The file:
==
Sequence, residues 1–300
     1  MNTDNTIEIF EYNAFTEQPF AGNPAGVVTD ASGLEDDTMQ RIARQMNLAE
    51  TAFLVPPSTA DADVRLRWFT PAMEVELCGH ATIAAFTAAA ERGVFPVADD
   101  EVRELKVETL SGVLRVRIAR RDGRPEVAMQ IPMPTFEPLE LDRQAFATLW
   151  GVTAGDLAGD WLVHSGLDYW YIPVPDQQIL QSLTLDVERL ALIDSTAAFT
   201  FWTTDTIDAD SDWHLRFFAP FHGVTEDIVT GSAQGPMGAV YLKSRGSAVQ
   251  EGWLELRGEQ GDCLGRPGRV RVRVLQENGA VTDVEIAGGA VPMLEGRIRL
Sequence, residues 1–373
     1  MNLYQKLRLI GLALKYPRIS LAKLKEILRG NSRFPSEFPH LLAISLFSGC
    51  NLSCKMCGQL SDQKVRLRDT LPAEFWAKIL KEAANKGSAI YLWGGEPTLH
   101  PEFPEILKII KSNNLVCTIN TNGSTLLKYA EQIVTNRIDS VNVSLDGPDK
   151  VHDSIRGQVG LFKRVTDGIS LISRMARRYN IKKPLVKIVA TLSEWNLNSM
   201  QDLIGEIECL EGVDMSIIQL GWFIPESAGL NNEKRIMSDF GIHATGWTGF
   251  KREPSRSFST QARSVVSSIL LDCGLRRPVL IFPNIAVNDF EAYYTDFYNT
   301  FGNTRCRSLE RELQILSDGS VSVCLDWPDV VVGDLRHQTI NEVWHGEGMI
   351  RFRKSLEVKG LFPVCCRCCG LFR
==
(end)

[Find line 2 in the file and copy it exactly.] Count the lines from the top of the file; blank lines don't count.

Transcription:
     1  MNTDNTIEIF EYNAFTEQPF AGNPAGVVTD ASGLEDDTMQ RIARQMNLAE